Monday, March 15, 2010

Beyond Infinity?

If you don't mind, I'm giving myself a welcome break from housework and writing to you!

Tell me, are you a knowledgeable mathematician? If so, I'll apologise in advance for a sequence of meandering and fanciful ruminations on the subject. I'm not a mathematician, for me the realm of pure number is an alien world. Perhaps for this reason, when faced with a discourse in pure number, I find myself bemused . . . but totally fascinated.

BBC2 explored the subject of 'infinity' on the 'Horizon' series the other week. The programme was absorbing and totally captivating. What's more, each fresh concept was delivered with an engagingly zany sense of humour. By the end, even if my mathematical ability was no stronger, my sense of wonder had received an invigorating shot of adrenalin.

In case you missed it, I'll try to share it with you in layman's language.
It may sound quite absurd, but it had never struck me quite so clearly before that, when you start counting, unless you are aiming for one particular number, there is no conclusion to the journey. There is no end to reach, no final destination, no satisfying full-stop.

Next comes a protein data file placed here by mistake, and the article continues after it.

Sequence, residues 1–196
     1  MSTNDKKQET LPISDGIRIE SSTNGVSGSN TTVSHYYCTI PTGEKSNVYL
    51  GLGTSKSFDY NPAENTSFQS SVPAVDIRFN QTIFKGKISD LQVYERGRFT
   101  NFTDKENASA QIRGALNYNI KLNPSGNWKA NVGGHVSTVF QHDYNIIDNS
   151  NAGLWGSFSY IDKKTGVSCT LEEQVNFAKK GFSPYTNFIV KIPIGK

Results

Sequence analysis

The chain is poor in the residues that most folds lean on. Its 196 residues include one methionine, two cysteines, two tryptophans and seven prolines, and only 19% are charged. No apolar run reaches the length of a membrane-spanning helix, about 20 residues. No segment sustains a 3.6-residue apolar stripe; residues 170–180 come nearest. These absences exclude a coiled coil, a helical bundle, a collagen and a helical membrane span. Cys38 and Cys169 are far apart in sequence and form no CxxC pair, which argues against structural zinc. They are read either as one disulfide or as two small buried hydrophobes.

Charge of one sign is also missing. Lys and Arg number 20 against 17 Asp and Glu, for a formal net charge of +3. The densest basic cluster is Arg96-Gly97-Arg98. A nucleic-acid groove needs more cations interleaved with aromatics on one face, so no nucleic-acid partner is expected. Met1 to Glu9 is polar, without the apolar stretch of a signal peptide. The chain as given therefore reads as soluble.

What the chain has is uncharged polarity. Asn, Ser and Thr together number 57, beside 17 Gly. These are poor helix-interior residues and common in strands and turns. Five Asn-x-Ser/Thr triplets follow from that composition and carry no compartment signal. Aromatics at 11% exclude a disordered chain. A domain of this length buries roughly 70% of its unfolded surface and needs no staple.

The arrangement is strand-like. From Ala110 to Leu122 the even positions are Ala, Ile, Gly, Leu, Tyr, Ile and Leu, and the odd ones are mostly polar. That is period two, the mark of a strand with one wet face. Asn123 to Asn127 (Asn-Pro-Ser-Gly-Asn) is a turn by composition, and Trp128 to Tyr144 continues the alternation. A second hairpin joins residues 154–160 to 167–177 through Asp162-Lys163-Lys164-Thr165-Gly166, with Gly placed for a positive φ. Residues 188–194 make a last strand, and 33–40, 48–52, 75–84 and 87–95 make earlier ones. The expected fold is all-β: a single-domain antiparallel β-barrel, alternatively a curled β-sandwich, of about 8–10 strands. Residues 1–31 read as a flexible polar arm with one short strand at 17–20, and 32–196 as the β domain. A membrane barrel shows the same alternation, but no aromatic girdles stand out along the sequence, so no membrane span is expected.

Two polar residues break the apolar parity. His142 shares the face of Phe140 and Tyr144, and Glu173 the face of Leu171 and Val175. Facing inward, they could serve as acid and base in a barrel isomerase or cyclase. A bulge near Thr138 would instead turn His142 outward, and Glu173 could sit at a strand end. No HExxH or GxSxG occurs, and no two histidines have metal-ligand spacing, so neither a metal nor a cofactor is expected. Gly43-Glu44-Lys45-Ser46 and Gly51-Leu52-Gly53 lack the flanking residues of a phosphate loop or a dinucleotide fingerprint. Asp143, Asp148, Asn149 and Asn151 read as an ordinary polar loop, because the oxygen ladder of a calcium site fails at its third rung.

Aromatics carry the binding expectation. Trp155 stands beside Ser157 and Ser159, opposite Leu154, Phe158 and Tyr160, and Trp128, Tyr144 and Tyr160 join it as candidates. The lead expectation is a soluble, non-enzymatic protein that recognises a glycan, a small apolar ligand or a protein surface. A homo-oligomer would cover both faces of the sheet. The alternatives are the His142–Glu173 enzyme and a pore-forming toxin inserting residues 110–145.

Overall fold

From one . . . to a hundred . . . to a thousand . . . to a million . . . and into the distance . . .
you just keep going. Numbers are infinite. Which, when you come to think of it, makes it a little puzzling that you are able to start in the first place. This point was never raised, but, if there is no end then surely, logically, there should be no beginning?
Perhaps that is true, there is no beginning. When we count, we are, as you might say, leaping aboard a moving train. The track stretches away behind with the same certainty as it stretches ahead. To look back is to see minus one . . . minus a hundred . . . minus a thousand . . . minus a million . . . numbers reaching away implacably to infinity. There is no resting-place in any direction in the relentless progression of number.

But number wasn't the main thrust of their fascinating discourse. What was being explored was going much further, it was travelling boldly 'to infinity and beyond'. By the end of the programme the eminent mathematicians had concluded that, in all mathematical probability, this is an infinite universe. However (hold on to your hat at this point!), it is equally probable that ours is only one of an infinite number of infinite universes!

Now, if that proposal doesn't give you pause for thought . . . well, nothing will!
(And it certainly puts the housework into perspective!)